However, the radome disclosed in the Frazita patent suffers from the drawback that it only prevents distortion or attenuation for transmitted electromagnetic fields having polarizations that are not parallel to the conductors embedded in the radome. Thus, this solution does not overcome anti-icing problems for radomes having antennas which transmit electromagnetic waves of varying polarizations.
These and other drawbacks are solved by radomes according to exemplary embodiments of the present invention, wherein a frequency selective surface is provided as one of the layers of the radome wall. The frequency selective surface allows transmission of electromagnetic waves of at least one operating frequency of the antenna with minimal attenuation or distortion regardless of the polarization of the electromagnetic field.
In one exemplary embodiment, the frequency selective surface is formed on one conductive side of an insulating sheet while conductors are printed or formed on the other conductive side of the insulating sheet. These conductors are connected to a power source and act as heating elements for the radome. In another exemplary embodiment, the frequency selective surface itself acts as a heating element by passing current therethrough.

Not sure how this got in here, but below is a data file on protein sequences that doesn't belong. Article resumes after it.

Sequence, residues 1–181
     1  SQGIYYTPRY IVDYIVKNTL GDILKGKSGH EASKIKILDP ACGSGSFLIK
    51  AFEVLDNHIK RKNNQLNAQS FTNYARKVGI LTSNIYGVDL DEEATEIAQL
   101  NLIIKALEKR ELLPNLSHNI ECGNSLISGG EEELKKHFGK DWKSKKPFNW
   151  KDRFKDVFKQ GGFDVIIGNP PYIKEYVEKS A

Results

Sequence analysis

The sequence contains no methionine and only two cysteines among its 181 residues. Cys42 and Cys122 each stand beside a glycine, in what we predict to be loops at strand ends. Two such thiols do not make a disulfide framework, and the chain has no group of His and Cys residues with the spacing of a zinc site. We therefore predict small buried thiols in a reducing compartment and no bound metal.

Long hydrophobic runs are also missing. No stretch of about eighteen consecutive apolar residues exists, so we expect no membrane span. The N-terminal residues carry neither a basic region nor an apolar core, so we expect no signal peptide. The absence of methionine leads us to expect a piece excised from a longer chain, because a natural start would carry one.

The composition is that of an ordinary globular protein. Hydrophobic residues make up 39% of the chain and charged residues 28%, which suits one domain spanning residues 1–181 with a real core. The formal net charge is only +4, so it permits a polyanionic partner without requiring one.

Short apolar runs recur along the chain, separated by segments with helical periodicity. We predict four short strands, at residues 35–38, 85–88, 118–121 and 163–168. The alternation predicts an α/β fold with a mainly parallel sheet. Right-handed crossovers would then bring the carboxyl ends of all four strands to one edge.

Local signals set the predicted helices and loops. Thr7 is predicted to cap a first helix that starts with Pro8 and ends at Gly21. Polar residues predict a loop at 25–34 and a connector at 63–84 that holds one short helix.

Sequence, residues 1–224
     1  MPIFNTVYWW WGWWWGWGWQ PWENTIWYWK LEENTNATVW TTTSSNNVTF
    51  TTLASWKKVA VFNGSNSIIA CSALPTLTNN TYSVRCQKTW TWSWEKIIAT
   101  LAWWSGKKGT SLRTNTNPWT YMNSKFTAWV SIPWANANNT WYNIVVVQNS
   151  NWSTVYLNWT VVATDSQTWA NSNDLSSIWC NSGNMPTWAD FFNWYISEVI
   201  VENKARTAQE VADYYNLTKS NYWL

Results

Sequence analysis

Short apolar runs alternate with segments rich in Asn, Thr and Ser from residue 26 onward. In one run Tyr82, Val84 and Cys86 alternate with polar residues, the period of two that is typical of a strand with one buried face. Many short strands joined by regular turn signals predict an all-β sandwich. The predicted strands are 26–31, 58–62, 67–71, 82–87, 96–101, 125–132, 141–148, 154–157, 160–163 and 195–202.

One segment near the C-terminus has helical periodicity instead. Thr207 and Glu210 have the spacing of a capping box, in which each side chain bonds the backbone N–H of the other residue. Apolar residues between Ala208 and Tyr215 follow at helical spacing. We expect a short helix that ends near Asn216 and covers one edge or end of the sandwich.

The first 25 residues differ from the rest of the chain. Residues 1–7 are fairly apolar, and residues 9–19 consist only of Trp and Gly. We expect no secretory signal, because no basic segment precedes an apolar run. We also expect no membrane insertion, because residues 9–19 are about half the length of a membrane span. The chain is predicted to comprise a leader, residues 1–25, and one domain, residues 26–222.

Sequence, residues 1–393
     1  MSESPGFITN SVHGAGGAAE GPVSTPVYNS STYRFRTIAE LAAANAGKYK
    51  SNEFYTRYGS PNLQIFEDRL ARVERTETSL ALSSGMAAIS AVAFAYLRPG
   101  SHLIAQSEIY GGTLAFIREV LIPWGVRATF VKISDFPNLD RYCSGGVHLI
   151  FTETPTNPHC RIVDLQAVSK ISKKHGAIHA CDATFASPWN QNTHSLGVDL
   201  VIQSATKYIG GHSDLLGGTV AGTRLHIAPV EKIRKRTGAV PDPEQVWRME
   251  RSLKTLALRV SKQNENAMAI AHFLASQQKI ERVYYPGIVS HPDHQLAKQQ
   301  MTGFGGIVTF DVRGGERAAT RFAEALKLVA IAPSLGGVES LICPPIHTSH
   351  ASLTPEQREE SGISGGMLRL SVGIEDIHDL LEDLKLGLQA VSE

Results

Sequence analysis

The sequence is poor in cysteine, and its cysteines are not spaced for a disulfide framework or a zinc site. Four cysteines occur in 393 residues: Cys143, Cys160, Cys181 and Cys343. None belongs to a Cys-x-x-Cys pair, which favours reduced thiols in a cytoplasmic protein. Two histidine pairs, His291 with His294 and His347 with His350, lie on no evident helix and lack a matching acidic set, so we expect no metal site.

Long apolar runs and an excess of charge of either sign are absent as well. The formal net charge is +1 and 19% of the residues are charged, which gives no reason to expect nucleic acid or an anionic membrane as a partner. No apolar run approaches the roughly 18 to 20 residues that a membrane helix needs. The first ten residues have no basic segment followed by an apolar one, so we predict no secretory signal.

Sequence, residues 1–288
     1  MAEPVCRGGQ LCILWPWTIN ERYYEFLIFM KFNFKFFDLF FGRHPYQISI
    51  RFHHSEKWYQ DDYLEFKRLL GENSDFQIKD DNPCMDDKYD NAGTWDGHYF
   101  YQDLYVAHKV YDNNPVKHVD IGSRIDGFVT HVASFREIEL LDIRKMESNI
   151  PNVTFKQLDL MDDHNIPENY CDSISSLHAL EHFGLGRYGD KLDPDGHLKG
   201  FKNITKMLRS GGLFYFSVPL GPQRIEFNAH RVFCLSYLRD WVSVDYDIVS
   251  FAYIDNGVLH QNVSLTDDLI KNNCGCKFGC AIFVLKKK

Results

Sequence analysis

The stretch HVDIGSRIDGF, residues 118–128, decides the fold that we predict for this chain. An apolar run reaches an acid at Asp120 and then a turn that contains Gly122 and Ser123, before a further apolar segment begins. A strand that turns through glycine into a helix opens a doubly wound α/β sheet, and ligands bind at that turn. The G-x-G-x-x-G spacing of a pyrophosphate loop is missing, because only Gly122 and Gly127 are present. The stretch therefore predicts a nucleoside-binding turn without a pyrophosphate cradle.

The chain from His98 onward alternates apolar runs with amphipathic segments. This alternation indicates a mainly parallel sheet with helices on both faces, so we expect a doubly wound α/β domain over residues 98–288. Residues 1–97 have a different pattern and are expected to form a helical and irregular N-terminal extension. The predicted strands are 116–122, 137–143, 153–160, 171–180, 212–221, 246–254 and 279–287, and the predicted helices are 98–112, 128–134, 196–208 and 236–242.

According to the present invention, the combination of a frequency selective surface and anti-icing resistive heating in a radome provides anti-icing without distortion or attenuation of the electromagnetic waves transmitted through the radome. Moreover, the resistance heating provided by the present invention is more efficient than the above-described conventional air-heated radomes in combating the formation of ice on the radome.
These and other features, objects, and advantages of the present invention will become more apparent when the following detailed description is read in conjunction with the drawings in which:
FIG. 1 shows an exemplary embodiment of the present invention wherein a frequency selective surface in combination with heating elements comprises an anti-icing grid;